Readers’ quality responses made 2007 a banner year
COFFEE WITH WARREN, with Warren Harbeck
What makes writing this column such a wonderful experience for me is the quantity and quality of responses I receive from our coffee companions year after year. 2007 has been no exception.
The past 12 months of your affirmations, suggestions and personal experiences over coffee and by e-mail have made this column really live for me and for our readers; your thoughts and words are what drive this column.
And what themes grabbed your attention most?
Stories of lives well lived always generate lots of interest especially stories of elders from the Stoney Nakoda First Nation at Morley. Among these we remembered the late Gerald Kaquitts, globetrotting goodwill ambassador the late Walking Buffalo, and recently deceased Lily Wesley. Their legacy of wisdom and especially lessons learned in “Nature’s University” enriches all of us.
Columns on nature and nature photography were right up there, too. Topping this category was a feature on photographer/priest Fred Monk, who focuses his lenses on the sacred in the every day.
Equally popular were columns on art and literature. Our celebration of Cochrane’s mosaic mural, Trust, continues to draw responses from around the world. Such artists and writers elevate us to the realm of wonder. As local poet/artist Marie Sigurdson put it, “Wonder allows one to see the divine thread hand-painted through all of life.”
Language and word usage continues to be a topic that draws lots of responses. Early in the year, coffee companion Phil Minnaar introduced us to his The Positive Dictionary: Only Words with Positive Messages. This positive feeling was echoed in The Hippo and the Unicorn: A Rainbow of Words, by Cochrane authors Lindsie Haxton and Elaine Phillips, who fashioned words into a collection of friendship letters between two unlikely correspondents. For some readers, however, my endorsement of the use of “hopefully” (as in “Hopefully, I’ll see you…”) was debatable. (I still stand by my endorsement.)
The closely-related topic of great quotations also drew considerable reader participation. Some, such as Mexico coffee companion Barbara Hollenbach, shared from a lifetime of collecting inspiring sayings. One of her favourites was by Rabbi David Wolpe: “Part of our task in life is to choose worthy companions who will cultivate what is good in us.” That explains why I enjoy our coffee companionship so much you are those “worthy companions,” and I love to speak of the goodness you cultivate.
Which brings me to what is overwhelmingly the most popular set of themes among our coffee companions, based on this year’s reader response: quality-of-life issues associated with happiness, inner stillness, death and dying, perseverance, responding to change, human rights, and making wonderful days.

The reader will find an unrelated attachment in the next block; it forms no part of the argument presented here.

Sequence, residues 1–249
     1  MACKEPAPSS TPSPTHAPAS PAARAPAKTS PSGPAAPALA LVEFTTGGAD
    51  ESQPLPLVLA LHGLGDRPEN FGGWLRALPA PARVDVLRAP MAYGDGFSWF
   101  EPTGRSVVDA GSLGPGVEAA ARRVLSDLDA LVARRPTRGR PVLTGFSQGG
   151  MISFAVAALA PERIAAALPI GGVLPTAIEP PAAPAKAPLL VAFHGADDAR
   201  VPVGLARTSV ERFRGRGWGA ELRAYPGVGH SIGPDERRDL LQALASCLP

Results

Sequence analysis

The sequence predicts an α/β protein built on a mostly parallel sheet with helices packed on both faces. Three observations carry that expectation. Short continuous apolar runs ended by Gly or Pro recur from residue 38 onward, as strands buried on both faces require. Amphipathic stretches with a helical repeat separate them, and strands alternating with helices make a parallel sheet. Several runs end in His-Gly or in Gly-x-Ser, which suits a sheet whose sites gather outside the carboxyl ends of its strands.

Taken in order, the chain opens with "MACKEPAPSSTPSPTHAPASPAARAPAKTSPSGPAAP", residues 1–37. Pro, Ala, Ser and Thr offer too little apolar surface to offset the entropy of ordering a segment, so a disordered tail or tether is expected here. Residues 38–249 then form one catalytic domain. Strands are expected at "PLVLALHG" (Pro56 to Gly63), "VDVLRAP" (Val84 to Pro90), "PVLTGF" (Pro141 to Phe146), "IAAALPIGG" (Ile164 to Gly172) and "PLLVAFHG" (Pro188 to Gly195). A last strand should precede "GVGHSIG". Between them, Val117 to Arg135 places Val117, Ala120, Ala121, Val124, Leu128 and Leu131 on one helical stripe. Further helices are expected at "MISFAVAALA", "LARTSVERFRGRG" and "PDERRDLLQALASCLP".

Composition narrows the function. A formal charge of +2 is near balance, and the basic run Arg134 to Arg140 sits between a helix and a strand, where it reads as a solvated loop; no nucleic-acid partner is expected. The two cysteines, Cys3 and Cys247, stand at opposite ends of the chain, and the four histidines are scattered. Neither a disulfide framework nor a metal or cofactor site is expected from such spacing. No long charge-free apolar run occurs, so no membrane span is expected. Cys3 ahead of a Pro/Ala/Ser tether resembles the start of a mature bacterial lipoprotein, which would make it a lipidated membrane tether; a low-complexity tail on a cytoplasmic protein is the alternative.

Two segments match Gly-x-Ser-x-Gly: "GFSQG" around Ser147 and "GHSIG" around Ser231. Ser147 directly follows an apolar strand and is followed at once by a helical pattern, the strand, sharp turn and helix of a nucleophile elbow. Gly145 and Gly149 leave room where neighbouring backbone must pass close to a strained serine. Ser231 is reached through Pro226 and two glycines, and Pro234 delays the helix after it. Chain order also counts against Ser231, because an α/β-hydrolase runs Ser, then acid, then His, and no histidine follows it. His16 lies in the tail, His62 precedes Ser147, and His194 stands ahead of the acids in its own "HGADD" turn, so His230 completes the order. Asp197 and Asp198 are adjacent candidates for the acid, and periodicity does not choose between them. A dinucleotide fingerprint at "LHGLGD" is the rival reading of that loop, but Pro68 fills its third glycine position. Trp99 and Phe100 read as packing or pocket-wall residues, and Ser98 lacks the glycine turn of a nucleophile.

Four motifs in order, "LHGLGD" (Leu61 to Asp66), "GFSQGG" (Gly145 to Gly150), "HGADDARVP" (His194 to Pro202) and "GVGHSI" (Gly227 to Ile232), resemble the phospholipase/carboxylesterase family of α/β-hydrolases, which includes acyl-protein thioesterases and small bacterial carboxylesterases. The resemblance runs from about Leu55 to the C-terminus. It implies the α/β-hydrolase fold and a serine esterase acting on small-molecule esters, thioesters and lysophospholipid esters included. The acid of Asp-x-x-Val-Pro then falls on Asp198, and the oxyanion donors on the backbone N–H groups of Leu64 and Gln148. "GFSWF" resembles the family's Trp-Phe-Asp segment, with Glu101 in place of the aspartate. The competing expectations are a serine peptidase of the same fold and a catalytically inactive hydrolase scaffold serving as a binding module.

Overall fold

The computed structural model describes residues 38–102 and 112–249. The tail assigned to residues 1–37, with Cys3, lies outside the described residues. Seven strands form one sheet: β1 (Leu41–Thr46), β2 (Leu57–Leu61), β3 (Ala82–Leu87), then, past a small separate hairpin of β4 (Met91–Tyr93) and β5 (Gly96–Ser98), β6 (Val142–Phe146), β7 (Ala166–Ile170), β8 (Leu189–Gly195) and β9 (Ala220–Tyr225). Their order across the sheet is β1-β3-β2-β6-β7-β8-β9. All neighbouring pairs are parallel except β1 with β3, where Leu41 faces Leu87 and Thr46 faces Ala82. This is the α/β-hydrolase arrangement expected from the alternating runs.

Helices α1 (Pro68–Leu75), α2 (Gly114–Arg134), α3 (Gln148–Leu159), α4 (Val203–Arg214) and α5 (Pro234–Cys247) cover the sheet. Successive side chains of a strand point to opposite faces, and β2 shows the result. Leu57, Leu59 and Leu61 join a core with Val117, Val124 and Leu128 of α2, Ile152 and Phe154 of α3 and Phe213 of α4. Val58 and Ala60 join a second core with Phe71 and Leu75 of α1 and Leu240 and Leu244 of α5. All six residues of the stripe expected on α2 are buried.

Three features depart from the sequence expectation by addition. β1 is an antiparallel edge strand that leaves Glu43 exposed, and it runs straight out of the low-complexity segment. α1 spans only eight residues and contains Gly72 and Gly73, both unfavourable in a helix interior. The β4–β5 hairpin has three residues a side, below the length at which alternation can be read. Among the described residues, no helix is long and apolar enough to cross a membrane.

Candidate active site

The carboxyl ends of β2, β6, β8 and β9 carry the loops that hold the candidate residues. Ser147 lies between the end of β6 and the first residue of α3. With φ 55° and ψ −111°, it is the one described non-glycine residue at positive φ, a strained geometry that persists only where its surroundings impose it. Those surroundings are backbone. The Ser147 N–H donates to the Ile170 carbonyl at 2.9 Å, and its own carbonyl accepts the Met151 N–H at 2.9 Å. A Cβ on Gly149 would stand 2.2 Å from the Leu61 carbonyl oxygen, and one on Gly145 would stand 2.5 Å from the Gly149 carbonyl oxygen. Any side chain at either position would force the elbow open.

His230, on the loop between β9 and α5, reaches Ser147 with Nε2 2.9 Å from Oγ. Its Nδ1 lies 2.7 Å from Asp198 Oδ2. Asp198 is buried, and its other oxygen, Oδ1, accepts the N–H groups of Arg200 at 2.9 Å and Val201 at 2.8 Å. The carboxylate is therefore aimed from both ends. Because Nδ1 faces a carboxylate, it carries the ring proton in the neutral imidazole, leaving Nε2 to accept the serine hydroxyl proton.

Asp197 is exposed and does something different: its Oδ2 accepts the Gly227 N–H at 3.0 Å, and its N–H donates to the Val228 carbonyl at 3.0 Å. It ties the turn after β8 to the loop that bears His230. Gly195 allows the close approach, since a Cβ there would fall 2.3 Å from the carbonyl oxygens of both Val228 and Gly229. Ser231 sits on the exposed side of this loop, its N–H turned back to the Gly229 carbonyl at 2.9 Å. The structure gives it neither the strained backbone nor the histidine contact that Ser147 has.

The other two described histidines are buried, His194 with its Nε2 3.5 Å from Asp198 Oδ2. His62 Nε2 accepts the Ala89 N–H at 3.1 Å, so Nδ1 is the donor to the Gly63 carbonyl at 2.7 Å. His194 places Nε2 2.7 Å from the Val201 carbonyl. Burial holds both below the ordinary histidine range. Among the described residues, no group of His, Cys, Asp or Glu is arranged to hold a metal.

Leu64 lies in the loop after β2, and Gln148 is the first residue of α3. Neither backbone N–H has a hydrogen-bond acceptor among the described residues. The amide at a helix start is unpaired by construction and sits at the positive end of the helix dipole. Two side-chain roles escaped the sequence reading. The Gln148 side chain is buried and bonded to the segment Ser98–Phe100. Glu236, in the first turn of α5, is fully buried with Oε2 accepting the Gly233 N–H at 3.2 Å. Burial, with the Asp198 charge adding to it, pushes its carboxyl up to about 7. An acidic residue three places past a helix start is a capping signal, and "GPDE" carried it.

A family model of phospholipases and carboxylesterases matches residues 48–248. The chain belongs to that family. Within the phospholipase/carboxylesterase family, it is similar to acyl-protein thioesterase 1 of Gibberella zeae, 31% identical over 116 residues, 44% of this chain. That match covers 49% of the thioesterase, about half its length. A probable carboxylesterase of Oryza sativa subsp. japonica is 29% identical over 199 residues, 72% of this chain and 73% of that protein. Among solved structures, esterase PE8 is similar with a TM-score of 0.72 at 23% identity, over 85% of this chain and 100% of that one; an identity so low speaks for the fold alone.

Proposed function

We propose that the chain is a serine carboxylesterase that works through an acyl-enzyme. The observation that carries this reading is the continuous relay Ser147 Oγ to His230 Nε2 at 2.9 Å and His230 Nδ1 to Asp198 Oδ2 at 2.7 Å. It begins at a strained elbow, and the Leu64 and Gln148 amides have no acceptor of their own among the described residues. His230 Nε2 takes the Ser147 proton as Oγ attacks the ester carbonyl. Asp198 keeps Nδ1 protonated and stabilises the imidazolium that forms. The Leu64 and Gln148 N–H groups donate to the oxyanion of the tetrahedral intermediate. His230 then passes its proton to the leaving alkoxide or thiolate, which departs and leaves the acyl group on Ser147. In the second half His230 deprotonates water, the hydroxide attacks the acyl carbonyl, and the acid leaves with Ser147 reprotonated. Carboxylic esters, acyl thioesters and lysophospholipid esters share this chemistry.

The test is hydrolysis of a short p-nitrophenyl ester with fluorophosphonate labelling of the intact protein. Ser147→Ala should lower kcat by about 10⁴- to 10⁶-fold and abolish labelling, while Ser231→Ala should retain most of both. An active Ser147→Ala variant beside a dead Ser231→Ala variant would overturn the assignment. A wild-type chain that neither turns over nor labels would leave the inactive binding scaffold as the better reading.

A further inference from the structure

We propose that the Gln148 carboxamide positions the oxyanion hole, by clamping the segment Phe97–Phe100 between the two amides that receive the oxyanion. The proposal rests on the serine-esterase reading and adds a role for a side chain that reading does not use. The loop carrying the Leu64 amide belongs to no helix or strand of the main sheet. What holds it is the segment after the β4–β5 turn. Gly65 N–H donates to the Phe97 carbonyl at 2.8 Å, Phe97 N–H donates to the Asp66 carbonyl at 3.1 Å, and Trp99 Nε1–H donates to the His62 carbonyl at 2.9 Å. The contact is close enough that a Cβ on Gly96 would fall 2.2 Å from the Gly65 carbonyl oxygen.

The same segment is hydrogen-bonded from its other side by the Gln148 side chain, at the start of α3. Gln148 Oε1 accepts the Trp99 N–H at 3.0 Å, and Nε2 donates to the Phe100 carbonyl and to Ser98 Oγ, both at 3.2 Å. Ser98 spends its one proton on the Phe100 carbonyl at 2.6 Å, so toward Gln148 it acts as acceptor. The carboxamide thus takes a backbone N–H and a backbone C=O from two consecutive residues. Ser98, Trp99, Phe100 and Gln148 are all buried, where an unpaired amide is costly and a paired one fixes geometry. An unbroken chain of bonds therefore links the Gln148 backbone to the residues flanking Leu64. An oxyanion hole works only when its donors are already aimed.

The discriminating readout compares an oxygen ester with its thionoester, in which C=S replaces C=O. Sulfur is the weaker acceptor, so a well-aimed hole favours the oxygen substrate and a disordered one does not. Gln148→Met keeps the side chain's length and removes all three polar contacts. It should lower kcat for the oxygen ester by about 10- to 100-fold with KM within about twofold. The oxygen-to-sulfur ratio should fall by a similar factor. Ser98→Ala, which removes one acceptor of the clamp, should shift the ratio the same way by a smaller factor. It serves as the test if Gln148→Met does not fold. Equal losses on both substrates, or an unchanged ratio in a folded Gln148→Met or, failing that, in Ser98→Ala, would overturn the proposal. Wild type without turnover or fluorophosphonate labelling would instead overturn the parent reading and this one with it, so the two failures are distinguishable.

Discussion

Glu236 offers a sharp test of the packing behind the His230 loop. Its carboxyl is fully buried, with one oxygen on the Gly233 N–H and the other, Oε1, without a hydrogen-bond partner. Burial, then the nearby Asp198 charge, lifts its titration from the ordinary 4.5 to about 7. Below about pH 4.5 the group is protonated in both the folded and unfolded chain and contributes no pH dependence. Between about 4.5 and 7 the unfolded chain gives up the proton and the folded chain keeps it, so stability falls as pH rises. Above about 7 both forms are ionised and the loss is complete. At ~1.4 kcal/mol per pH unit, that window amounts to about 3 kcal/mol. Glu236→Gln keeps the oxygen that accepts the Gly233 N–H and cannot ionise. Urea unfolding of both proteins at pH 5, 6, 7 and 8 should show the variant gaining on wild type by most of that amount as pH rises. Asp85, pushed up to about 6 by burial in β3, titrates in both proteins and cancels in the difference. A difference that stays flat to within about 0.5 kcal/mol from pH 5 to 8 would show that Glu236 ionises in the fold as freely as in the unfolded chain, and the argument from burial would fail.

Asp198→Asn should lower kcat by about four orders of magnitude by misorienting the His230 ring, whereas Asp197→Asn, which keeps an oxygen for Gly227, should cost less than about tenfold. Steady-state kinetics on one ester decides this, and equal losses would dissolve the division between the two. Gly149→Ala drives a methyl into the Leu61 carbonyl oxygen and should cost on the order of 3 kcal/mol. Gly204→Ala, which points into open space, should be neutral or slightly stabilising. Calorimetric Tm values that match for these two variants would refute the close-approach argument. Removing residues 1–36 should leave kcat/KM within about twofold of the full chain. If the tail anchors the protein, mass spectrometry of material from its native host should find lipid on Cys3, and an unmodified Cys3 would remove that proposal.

In second place was a series of four columns on embracing and responding to change. We quoted from renowned mythologist Joseph Campbell: “We must be willing to get rid of the life we’ve planned, so as to have the life that is waiting for us” not a bad motto as we cross from one year into the next.
Coffee companions David Ambrose and Leo Peters spoke of how they have committed their professional lives to drawing happiness out of what at first seems like adversity. As you may recall, a near-fatal accident helped David re-evaluate his own life priorities, ultimately culminating in his many published and speaking contributions on happiness.
In Leo’s case, the return of cancer some years ago and the real possibility of having only six months to live led him to the choice of living each day in the fullest, happiest, most positive way. He’s long outlived that deadline, but continues to do everything in his power to bring happiness to all he encounters.
Which brings me to the first-place topic in our coffee columns for 2007, a four-column topic which Leo himself raised for us and has dominated reader reaction for the past month: What does a wonderful day look like, and what can any of us do to make it a wonderful day for others?
I received 49 e-mail responses alone to that question, and as you may recall, the major features of a wonderful day that emerged are: gratitude, a listening heart, contentment, and choice.
Now, as we cross over into 2008, my prayer is that those four qualities will be active more and more in all our lives, until, like the Dutch Holocaust martyr and writer Etty Hillesum, we are brought afresh to “just one single word: God.”
© 2007 Warren Harbeck